C4ADS has produced a report claiming that companies involved in forced labour and human rights abuses in the Xinjiang Uyghur Autonomous Region of China are enmeshed in global trade and finance despite severe multilateral sanctions designed to cut them off from international markets. It uses the Xinjiang Production and Construction Corps (XPCC) — a regional governing body with a vast commercial network — as a test caseto better understand how companies in Xinjiang retain access to international markets.
A report from C4ADS explains that teak (tectona grandis) is a high-value tropical hardwood used for wood carving, furniture, and shipbuilding. For years, global markets have coveted teak for its durability, beauty, and strength. The teak trade, both licit and illicit, contributes to a variety of issues, including deforestation, environmental degradation, and displacement of wildlife in India, Myanmar, and other teak producing countries. However, the report says that C4ADS has found that millions of dollars-worth of teak is coming from a very unlikely source – South Sudan. South Sudan’s teak reserves are among the largest in Africa – but South Sudanese teak is also being exploited at an unsustainable rate. The report serves as the first comprehensive review of the regulatory and security environment surrounding this little-researched topic. It examines how conditions within South Sudan have made its teak sector more vulnerable to exploitation from illicit actors and contributed to the country’s instability. It includes a case study of a South Sudanese teak company, Lukiza Limited, which has seemingly been involved in teak logging and was beneficially owned by foreign political elites.
A Quick Guide from the Basel Institute on Governance considers what sort of crimes involve cryptocurrencies. It says that blockchain technology behind cryptocurrencies theoretically makes it easier for financial investigators to “follow the trail of the money” but what is tricky in all cases is attribution: linking transactions and addresses to real people in the real world.
On 10 August, Cision PR Newswire carried a release saying that a third of financial institutions are accelerating their AI and machine learning adoption for AML technology in response to COVID-19. Meanwhile, another 39% of compliance professionals said their AI/ML adoption plans will continue unabated, despite the pandemic’s disruption. These industry trends and others are explored in a new study by SAS, KPMG and the Association of Certified Anti-Money Laundering Specialists (ACAMS).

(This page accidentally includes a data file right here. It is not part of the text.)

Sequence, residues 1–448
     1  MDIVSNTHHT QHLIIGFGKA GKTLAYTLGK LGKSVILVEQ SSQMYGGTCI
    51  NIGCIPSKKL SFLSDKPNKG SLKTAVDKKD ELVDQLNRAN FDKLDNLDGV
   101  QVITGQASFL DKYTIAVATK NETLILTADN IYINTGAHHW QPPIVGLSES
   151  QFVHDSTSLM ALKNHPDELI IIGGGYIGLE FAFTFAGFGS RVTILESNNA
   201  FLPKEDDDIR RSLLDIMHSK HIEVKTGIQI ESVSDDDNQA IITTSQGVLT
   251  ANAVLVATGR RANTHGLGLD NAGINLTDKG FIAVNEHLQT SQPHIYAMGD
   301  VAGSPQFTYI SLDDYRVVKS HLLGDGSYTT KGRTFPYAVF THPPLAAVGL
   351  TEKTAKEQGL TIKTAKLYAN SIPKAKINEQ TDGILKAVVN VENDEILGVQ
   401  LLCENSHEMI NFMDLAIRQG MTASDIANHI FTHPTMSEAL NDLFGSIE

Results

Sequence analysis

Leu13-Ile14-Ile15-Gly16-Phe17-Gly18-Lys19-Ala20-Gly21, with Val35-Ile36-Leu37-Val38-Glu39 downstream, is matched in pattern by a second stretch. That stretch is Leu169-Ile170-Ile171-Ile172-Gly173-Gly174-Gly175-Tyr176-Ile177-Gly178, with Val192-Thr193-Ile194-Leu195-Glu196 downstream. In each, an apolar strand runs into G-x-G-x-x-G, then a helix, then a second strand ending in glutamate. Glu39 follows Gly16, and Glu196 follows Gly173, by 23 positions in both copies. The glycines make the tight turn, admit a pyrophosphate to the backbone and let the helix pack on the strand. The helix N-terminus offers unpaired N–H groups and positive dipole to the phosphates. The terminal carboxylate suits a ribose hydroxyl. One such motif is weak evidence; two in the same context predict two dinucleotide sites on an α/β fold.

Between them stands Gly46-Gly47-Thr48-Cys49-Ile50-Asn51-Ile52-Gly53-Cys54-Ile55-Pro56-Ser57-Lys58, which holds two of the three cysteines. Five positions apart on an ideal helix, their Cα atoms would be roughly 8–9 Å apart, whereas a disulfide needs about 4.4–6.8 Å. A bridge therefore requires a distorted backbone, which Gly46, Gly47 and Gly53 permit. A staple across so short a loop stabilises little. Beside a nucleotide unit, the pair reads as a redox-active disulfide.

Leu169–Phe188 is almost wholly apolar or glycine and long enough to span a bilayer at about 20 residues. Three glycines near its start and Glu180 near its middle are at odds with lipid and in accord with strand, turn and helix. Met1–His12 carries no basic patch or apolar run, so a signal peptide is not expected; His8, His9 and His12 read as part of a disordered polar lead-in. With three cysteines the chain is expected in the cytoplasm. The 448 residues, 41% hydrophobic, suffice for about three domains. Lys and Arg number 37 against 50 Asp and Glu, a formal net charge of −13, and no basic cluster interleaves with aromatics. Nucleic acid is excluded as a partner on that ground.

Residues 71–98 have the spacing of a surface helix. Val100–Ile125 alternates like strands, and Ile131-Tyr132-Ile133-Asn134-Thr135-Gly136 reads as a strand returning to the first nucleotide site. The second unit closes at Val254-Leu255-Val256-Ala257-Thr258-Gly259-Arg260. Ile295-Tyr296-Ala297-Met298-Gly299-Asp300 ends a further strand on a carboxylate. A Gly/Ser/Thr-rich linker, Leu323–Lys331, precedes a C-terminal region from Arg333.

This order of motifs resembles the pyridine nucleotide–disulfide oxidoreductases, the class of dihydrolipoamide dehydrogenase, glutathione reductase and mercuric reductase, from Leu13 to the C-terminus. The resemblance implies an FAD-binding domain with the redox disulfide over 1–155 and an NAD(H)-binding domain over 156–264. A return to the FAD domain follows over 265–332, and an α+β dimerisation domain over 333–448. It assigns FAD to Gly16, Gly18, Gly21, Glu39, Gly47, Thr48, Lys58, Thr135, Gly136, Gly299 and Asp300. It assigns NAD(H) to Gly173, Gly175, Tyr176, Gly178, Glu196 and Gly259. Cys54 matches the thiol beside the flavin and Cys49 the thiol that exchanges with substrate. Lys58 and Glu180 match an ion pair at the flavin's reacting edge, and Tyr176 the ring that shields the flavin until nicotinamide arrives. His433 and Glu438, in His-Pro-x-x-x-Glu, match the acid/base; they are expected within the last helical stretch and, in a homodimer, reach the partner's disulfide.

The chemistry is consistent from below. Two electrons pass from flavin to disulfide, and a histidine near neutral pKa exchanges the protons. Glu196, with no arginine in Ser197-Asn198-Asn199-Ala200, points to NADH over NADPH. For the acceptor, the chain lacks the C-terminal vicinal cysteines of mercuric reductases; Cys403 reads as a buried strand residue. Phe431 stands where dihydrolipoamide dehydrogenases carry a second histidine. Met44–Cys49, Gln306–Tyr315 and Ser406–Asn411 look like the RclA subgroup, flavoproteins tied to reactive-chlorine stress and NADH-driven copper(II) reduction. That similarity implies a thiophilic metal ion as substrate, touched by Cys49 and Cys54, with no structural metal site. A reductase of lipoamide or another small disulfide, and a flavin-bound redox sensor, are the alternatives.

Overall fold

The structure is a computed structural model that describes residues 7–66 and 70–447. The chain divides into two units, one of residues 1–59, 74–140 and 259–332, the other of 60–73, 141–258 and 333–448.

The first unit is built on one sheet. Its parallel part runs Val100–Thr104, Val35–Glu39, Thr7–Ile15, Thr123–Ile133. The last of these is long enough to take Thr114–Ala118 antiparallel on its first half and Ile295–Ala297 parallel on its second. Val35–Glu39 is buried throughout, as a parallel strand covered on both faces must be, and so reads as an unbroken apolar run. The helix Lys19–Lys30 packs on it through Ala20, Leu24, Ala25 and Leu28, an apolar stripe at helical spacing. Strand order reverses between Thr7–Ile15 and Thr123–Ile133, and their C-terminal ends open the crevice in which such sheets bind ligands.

The FATF-style regional body for the Middle East and North Africa, MENA-FATF, has produced this publication, which says that it has been found that international and regional ad-hoc reports issued clearly highlight the steady rise in the crimes at the regional and international level. The report pays especial attention to the effects of the Corona virus – the COVID 19 pandemic which coincided with the period for the implementation of this project. It says that the methods and techniques used to commit human trafficking and migrant smuggling crimes represent a challenge to combat them and pose many challenges for competent authorities. Its contents include –
International and regional efforts to combat the human trafficking and migrant smuggling crimes;
The legal and institutional framework for combating the human trafficking and migrant smuggling crimes and the laundering of their proceeds in the MENA Region;
National risk assessment, methods and techniques used to launder money resulting from human trafficking and migrant smuggling;
Most important traits and characteristics of money laundering crimes resulting from human trafficking and migrant smuggling in the MENA Region;
International cooperation to combat money laundering crimes resulting from human trafficking and migrant smuggling in the MENA Region; and
On 3 August, the US-based Institute of International Banking Law and Practice (IIBLP) produced an article which focuses on trade-based money laundering (TBML) which FATF has defined as “the process of disguising the proceeds of crime and moving value through the use of trade transactions in an attempt to legitimise their illegal origins or finance their activities”. It explains that, according to FATF, that which distinguishes TBML from other trade-related crimes (e.g. smuggling) is that TBML’s aim is the movement of money rather than goods. The primary objective of any TBML scheme is the deliberate movement of illicit funds proceeds by exploiting trade transactions. It considers current recommended mitigation methods for TBML risk and identifies additional TBML resources.